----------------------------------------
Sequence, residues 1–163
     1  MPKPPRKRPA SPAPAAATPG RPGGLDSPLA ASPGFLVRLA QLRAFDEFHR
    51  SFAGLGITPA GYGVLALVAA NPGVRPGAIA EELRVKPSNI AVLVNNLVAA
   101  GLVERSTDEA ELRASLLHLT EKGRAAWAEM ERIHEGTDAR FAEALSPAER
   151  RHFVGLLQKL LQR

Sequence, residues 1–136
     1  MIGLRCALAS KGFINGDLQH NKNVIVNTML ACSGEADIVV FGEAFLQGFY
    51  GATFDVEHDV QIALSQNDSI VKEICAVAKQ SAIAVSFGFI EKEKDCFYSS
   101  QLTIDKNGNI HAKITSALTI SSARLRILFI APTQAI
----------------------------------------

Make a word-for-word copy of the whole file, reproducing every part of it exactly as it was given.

Sequence, residues 1–163
     1  MPKPPRKRPA SPAPAAATPG RPGGLDSPLA ASPGFLVRLA QLRAFDEFHR
    51  SFAGLGITPA GYGVLALVAA NPGVRPGAIA EELRVKPSNI AVLVNNLVAA
   101  GLVERSTDEA ELRASLLHLT EKGRAAWAEM ERIHEGTDAR FAEALSPAER
   151  RHFVGLLQKL LQR

Sequence, residues 1–136
     1  MIGLRCALAS KGFINGDLQH NKNVIVNTML ACSGEADIVV FGEAFLQGFY
    51  GATFDVEHDV QIALSQNDSI VKEICAVAKQ SAIAVSFGFI EKEKDCFYSS
   101  QLTIDKNGNI HAKITSALTI SSARLRILFI APTQAI